Wednesday, August 6, 2008 - 1:50 PM

OOS 16-2: Finding constraints on the abundance of species: A path forward in large-scale distribution modeling

Volker Bahn, Wright State University and Brian J. McGill, McGill University.


Depending on situation, purpose and evaluation technique, large-scale distribution models only account for a small percentage of the variation in observed species occurrences or abundances. Various issues haunt the field of distribution modeling such as scale mismatch, dynamics in environment and distributions, and lack of ecological mechanisms underlying the models. While sometimes these problems have been ascribed to a failure of distribution modelers, we believe that most of the time inadequate data, not ignorance, prevents distribution modelers from building better models. Since collecting adequate data over large-extents is nearly impossible we suggest that other ways forward should be explored. We want to encourage distribution modelers to use the biotic and abiotic constraints on presence and abundance to more narrowly predict the distribution of an organism compared to using simple climatic envelopes.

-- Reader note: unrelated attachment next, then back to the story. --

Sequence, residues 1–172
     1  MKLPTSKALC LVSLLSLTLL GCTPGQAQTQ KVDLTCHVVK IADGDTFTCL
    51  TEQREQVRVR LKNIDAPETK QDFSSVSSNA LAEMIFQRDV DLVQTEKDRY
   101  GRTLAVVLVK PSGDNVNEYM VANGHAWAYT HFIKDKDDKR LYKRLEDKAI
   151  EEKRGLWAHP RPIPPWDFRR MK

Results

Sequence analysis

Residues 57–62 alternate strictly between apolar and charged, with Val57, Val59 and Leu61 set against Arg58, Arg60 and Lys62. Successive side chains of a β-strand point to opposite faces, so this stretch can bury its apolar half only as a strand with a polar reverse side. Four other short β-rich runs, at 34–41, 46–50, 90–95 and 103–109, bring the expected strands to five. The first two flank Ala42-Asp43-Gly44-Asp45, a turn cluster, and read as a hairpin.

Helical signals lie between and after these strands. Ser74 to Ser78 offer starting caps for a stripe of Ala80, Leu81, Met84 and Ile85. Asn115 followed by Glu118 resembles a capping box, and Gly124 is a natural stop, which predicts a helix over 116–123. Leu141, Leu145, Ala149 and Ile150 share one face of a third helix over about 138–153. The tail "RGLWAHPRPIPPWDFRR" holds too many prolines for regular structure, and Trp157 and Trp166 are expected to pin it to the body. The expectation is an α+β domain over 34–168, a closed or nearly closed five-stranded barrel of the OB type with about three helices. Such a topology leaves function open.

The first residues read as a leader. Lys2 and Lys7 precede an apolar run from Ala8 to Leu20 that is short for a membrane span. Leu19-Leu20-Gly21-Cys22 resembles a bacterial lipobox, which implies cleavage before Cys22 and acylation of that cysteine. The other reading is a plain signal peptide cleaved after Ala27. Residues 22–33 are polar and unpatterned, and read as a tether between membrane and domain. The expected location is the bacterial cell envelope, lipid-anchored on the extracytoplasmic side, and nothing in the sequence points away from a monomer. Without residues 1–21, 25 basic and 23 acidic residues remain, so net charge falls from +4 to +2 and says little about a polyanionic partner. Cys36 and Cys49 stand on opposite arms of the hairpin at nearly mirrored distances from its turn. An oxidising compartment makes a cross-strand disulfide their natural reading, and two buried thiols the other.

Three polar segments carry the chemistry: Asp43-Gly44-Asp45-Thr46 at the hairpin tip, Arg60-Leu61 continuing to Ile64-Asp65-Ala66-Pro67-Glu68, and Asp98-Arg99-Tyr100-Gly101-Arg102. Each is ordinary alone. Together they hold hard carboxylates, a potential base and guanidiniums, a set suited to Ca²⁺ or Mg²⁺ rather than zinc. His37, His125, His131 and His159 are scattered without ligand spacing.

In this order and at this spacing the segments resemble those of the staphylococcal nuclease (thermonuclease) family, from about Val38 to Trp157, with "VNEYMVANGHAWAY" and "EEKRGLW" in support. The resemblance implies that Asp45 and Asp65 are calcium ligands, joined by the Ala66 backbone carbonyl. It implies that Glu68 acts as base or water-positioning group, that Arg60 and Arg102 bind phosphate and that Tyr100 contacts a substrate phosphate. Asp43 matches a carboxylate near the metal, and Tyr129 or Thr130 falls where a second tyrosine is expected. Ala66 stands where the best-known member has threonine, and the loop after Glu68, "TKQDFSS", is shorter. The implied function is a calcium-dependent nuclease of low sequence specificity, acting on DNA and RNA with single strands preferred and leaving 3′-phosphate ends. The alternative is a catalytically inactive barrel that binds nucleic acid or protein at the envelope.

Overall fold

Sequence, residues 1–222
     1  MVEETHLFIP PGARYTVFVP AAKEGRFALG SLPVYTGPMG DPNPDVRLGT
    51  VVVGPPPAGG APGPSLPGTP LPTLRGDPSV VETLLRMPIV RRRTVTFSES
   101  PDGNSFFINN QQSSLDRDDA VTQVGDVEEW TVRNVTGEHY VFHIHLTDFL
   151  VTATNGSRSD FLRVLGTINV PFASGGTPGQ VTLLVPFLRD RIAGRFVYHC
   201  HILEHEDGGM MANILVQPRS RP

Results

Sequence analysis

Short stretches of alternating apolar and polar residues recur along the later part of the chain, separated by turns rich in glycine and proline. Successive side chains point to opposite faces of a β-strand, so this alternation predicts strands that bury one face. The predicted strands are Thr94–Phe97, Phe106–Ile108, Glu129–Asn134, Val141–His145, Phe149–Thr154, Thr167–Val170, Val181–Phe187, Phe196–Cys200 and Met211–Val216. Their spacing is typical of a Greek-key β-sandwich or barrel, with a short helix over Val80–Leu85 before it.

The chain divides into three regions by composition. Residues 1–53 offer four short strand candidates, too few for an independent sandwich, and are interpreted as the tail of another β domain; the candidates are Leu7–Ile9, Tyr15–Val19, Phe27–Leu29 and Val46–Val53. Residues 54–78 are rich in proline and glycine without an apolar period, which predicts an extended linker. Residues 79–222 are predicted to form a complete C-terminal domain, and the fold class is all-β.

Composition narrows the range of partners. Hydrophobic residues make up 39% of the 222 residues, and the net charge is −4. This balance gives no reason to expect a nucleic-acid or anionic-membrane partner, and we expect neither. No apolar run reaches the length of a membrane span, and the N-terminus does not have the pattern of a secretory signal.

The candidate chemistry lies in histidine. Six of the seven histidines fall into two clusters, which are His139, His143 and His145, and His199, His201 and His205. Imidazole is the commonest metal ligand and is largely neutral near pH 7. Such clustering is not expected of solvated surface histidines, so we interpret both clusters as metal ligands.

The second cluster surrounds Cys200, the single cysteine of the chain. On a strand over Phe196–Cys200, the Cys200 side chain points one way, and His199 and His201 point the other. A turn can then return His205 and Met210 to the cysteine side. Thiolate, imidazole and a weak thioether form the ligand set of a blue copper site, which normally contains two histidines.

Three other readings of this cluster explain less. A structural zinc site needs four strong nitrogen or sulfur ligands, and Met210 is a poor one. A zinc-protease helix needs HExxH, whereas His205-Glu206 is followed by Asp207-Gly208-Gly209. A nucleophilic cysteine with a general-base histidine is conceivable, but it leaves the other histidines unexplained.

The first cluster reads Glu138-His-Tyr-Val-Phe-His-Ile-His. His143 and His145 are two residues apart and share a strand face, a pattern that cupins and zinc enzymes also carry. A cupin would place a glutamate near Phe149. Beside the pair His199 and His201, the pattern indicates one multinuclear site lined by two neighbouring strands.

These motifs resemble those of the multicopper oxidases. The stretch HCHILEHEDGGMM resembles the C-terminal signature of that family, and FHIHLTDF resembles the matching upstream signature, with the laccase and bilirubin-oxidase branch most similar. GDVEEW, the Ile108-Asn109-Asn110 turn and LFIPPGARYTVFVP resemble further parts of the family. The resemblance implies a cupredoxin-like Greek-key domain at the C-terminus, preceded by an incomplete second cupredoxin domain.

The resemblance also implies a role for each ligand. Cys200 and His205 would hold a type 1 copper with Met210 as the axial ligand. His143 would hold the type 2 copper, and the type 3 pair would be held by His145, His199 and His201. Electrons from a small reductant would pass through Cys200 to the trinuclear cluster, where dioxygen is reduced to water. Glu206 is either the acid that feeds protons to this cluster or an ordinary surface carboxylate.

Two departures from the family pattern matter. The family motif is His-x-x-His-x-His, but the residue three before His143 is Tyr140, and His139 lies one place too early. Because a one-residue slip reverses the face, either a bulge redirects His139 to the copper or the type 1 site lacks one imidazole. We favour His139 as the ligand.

Beginning with the coarsest, presence/absence view of a species range, we suggest several ways in which to come to a more differentiated view. First, environmental envelopes may identify unsuitable areas within a range. Second, energetic constraints and other measures of fundamental niche could refine this envelope. Third, using an output of probability of occurrence instead of presence/absence may give a correlation to relative abundance. Fourth, using abundance as input rather than presence/absence allows for a much more differentiated view of range structure that may be transferable across space and onto new conditions. Fifth, spatial autocorrelation due to processes such as dispersal could be used to improve predictions into new areas. And finally, general community constraints, for example in the form of species abundance distributions, could give clues to constraints on individual species due to biotic interactions. Again these constraints may be transferable in space and time, at least in a coarse and general form. Taken together we will provide visions for the path forward in distribution modeling that take realistic data constraints and transferability in space and new conditions into account.